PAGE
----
Monday, July 07, 2008

Up in smoke

I'm a smoker. Have been for more than 25 years. I wish I wasn't but I am and I make no apologies for it. Like most non-smokers, however, I hate smoky atmospheres, used to hate smoking carriages and smoking sections and can still remember when you could smoke on the London Underground. So I'm happy that the workplace is smoke free and buses are too, and even pubs. It means I smoke less, and that can only be a good thing.

But that's not enough for the British Medical Association. Not only do they want to ban cigarettes from being on view in shops and supermarkets, but they want them sold in plain packaging under the counter. If that wasn't nannyish enough, they want all films that feature smoking to be reclassified. Apparently, it's glamorous. This is just daft. Are they planning to recommend the same be done for films featuring kinves and guns, or drugs or those torture porn films? Probably not. It's more of a crime to light up where you shouldn't than knife a hoodie.

It's like that Victoria Wood sketch where a couple on a train are shagging, and when they've finished one of them lights up. No one has said anything up to this point until the fags come out and someone says, 'I think you'll find this is a non-smoking compartment'. Says it all.

I didn't start smoking because I saw Clint Eastwood do it. The only people you saw smoking on the telly when I was at an impressionable age were the Rovers Return regulars and The Sweeney - glamourama! - and I can't even think of a film in which someone smoking made me want to do it - except perhaps Grease. (Now of course, anyone lights up on film and I'm in the cinema makes me long for the return of the left hand side reserved for those patrons who wish to smoke. Thank God Man Men is not a film).

Anyhoo, in the main, film and TV images had nothing to do with why I started. Most parents smoked, you could smoke anywhere, at anytime. It just was one of those things. Everyone tried it. When I was offered my first fag I took it, and sadly I've never looked back.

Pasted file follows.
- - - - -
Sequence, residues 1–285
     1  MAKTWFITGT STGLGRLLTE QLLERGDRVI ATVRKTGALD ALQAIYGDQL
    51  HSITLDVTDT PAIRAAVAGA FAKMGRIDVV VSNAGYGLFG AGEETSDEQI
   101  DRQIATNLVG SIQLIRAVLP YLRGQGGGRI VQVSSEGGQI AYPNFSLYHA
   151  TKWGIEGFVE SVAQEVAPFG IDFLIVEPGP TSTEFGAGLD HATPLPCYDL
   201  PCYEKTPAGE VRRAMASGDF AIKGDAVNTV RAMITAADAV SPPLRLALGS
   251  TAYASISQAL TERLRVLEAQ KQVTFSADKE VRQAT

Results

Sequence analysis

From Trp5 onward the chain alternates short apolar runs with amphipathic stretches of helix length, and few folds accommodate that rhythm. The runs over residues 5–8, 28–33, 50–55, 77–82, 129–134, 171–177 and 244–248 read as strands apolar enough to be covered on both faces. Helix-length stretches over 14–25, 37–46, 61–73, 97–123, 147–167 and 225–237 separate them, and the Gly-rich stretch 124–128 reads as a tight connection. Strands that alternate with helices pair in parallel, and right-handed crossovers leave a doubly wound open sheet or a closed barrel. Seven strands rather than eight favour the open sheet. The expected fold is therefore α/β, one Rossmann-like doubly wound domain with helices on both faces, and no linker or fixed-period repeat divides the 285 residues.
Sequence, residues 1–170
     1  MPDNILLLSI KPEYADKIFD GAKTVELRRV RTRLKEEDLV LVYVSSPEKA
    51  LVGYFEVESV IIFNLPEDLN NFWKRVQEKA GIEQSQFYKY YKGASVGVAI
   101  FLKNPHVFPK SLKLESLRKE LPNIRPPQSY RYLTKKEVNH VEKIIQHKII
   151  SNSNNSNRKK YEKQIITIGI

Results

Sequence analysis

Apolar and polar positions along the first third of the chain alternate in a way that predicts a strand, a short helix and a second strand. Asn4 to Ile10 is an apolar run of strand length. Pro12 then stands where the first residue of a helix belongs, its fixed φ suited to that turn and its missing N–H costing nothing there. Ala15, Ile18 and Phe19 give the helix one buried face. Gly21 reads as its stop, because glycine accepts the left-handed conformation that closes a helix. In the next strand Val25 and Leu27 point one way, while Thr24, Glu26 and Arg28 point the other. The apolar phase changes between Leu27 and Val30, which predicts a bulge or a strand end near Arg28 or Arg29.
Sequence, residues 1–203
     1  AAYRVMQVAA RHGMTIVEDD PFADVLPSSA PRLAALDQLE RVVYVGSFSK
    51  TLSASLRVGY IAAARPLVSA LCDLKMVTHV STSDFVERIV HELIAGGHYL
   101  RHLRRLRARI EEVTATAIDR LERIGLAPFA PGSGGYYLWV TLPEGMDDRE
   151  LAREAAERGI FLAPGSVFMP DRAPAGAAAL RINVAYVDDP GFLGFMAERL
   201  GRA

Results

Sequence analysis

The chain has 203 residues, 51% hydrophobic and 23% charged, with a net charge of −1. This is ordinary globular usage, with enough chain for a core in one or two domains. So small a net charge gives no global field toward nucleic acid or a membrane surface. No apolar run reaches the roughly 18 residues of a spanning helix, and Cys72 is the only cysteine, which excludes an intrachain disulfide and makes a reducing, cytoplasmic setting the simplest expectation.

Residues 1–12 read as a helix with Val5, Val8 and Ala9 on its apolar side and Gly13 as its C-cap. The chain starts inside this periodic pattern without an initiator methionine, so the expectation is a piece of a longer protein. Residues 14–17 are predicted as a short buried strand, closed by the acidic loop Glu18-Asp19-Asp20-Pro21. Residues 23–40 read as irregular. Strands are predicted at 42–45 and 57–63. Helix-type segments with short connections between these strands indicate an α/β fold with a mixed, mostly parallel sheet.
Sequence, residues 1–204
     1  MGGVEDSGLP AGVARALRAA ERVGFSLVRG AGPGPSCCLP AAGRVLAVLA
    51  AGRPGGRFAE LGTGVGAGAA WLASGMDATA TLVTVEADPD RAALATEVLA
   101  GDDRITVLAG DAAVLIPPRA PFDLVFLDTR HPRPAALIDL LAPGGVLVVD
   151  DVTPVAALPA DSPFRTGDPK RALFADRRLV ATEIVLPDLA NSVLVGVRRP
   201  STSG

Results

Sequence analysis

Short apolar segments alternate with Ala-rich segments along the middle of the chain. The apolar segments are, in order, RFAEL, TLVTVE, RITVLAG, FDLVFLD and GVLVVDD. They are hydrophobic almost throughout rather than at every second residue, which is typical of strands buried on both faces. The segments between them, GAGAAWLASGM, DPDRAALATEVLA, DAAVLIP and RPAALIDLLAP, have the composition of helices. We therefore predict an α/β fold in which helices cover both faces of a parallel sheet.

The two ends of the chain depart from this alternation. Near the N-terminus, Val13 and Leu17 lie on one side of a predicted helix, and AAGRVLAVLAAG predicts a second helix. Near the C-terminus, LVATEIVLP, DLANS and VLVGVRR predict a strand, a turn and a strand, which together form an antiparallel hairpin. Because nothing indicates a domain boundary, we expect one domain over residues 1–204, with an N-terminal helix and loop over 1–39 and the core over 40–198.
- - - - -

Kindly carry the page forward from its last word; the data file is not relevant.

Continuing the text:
The BMA want Britain to be smoke-free by 2035. Are they for real? Do they serioulsy think it can be banned and therefore physically wiped out by then? If only people were as stringent over gangs and knives. I hate to go all Daily Mail, but the world's gone mad, you couldn't make it up, etc, etc. it's just tosh. Haven't they got something better to do? Like worrying about MRSA.

Stay alive til '35.


Roman Empress said...

I smoke too but a year later I've gotten used to this curb of civil liberty and I don't mind it so much. I don't ever want to see smoking disappear from our screens though(reclassifying isn't so bad I suppose). Imagine films by Fellini, Truffaut, Wenders etc without it and you're lifting a veil.
(On a separate matter we were front row to Pentangle in the end last night, beautiful stuff).

Planet Mondo said...

Fortunately I've never been a puffer (my parents were both smokers and used the reverse psychology of "yes you can smoke") - and there were always other things I wanted to spend my money on, but a 'visual prohibition' on smoking, won't change anything apart from adding mystery and glamourising it.

It's off topic, but I saw your post on the Word site about gaps/mixing. I use Ableton for mixing and creating comps and cross fades, you can check a couple of my mixes here and here - but you can also use a freebie download called Audacity

Clair said...

Smoking makes you look cool. That's it.It's the only reason I take an occasional puff *cough cough*

Matthew Rudd said...

I gave up almost five years ago but I'm always outraged by the limitations placed on smokers. If everyone gave up the Government would panic about the lack of taxes and the masses of jobseekers filing out of the fag factories.

Misery Guts said...

Apparently, the film "Thank You For Smoking" doesn't have a single person smoking in it.